Further details on the calls are available in the ‘How to participate’ topic.

IATI Technical Team
IATI Technical Team

This proposal will be discussed on a consultation call on Results - Monday 3 July, 2pm (BST), 1 hour

To join this call, use this link from your computer, tablet or smartphone https://global.gotomeeting.com/join/469747029
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Access Code: 469-747-029

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IATI Technical Team
IATI Technical Team

Notes from consultation calls w/c 3rd July

The proposal was reviewed by those on the call and there was no objection from the group.
Mike Smith and Bob Walkden agreed to explore usage of how this proposal will work over the next week. With the aim of providing practical examples to the IATI community.

There were some questions on how this element would be used, and how to avoid double counting. The IATI tech team clarified that the IATI principles of traceability within financials should also apply to IATI results data.
There was general agreement for the need to explore more use cases of how this element would work. Particularly how this element would allow publishers to delineate responsibility of meeting targets down, and then back up, the chain.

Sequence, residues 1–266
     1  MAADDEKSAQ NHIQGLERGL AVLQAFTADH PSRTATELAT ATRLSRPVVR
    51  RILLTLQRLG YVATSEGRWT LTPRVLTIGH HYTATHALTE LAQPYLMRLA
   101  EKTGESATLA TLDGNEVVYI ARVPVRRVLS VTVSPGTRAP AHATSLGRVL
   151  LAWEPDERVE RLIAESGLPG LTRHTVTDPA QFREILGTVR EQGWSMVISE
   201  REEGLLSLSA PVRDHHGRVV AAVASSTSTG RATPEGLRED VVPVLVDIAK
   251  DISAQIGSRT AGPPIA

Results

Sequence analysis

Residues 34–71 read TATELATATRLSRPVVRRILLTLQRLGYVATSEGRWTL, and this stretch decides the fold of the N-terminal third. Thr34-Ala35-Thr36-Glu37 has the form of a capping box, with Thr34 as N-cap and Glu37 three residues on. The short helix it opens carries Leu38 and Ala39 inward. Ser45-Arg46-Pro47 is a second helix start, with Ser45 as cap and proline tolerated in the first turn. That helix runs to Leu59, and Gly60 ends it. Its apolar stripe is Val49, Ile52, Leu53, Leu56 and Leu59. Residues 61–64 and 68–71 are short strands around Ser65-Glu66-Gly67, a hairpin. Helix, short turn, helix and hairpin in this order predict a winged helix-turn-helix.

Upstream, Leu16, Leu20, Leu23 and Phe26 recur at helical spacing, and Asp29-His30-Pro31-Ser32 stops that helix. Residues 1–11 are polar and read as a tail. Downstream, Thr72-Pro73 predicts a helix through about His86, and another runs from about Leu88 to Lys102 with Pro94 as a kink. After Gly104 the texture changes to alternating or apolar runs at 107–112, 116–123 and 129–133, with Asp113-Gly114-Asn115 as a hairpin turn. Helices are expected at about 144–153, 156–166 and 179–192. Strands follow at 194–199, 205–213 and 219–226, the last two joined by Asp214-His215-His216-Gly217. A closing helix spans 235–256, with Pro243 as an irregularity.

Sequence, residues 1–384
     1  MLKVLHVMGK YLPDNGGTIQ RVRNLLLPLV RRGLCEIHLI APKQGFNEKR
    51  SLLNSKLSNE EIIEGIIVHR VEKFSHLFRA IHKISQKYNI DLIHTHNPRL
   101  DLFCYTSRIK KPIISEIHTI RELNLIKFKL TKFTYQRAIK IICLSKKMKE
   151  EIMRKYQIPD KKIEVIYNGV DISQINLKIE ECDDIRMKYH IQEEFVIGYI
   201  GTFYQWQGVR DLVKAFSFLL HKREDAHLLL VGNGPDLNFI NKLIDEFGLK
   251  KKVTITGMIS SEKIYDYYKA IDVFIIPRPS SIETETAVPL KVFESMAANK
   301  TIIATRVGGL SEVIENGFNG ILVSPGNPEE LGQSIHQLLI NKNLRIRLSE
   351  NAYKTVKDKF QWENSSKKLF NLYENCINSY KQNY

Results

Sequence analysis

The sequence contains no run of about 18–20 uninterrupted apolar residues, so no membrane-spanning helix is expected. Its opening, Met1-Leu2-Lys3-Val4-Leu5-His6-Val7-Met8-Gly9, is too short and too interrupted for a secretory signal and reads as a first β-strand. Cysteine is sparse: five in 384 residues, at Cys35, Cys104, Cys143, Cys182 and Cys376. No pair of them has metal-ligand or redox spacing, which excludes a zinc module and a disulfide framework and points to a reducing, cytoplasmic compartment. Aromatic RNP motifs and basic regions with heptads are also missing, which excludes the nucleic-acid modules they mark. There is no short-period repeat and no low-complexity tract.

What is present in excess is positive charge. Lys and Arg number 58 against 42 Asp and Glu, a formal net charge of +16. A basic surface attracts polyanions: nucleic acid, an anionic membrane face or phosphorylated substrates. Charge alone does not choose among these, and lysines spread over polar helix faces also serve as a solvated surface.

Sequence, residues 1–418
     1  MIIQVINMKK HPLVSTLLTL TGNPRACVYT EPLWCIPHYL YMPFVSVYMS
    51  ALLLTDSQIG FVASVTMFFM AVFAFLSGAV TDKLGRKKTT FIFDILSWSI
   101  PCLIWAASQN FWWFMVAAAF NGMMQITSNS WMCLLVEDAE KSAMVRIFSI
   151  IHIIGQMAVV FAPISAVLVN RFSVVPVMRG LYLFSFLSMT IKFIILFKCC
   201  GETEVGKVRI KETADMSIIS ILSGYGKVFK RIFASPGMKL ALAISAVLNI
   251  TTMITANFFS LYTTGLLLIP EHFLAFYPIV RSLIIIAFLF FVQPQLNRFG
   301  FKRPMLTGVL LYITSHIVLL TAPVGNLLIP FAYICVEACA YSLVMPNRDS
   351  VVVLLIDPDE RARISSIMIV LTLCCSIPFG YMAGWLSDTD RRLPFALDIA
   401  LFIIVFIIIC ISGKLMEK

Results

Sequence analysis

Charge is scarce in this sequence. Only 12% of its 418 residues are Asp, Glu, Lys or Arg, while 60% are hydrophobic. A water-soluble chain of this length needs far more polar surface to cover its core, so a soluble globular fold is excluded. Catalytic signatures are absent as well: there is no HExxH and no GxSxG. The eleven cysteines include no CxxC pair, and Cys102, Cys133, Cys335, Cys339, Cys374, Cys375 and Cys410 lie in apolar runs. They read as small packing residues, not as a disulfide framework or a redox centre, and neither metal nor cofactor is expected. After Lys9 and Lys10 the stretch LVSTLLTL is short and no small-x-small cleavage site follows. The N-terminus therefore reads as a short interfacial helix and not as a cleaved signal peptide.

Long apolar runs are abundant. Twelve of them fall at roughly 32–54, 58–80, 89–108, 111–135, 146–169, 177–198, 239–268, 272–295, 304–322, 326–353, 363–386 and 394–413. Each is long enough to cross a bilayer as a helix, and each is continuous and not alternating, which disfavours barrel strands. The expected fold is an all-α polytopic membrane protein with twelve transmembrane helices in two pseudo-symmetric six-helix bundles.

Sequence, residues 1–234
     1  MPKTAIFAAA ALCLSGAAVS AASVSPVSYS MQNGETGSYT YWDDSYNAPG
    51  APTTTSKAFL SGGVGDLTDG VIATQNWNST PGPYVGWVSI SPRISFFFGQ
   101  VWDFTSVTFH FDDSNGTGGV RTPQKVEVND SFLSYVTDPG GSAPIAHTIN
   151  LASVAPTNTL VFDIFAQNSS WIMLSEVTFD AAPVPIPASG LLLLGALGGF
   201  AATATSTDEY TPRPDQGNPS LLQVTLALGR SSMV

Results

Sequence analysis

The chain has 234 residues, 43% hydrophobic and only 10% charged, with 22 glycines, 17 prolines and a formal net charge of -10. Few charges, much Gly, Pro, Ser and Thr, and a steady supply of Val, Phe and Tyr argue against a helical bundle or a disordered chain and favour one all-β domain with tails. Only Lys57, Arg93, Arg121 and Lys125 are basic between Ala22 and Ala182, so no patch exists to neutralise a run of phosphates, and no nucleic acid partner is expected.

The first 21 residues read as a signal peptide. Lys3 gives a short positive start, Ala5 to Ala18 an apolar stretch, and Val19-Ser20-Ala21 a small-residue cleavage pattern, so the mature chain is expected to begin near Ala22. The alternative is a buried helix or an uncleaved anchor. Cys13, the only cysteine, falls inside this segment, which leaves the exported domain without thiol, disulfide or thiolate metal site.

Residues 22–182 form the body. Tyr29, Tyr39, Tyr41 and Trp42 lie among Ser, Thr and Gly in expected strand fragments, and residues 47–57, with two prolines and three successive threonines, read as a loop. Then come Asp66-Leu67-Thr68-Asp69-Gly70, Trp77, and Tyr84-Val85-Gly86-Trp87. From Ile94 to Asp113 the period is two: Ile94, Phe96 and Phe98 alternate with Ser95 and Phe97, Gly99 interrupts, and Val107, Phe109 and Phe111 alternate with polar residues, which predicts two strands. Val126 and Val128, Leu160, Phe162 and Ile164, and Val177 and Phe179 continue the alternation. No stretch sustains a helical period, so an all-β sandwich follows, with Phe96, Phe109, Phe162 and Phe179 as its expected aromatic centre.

Amy Silcock
Amy Silcock

Thanks again to all who have contributed to this proposal. It would be good to hear more use cases from everyone. Mike Smith and Bob Walkden I’m particularly looking to you as per our discussion, to bring any practical examples on this proposal.

Bob Walkden
Bob Walkden


I think there’s been a slight misunderstanding about what Mike and I were doing. During the call I asked for examples of how the designers of the results structure saw it working, particularly with respect to what I see as a risk of double-counting. I wasn’t offering to develop any examples myself – I was asking for examples.

Mike and I subsequently had a meeting to discuss our understanding of the model, and I think Mike has taken action to drop a note to Bill Anderson. Mike, please correct me if I’m wrong.

As far as qualitative results are concerned, my thoughts are as follows, largely influenced by what I’ve heard M&E people from Save and other organisations say – I’m an IT person, so not qualified to comment on operational use of these things as I don’t have the experience: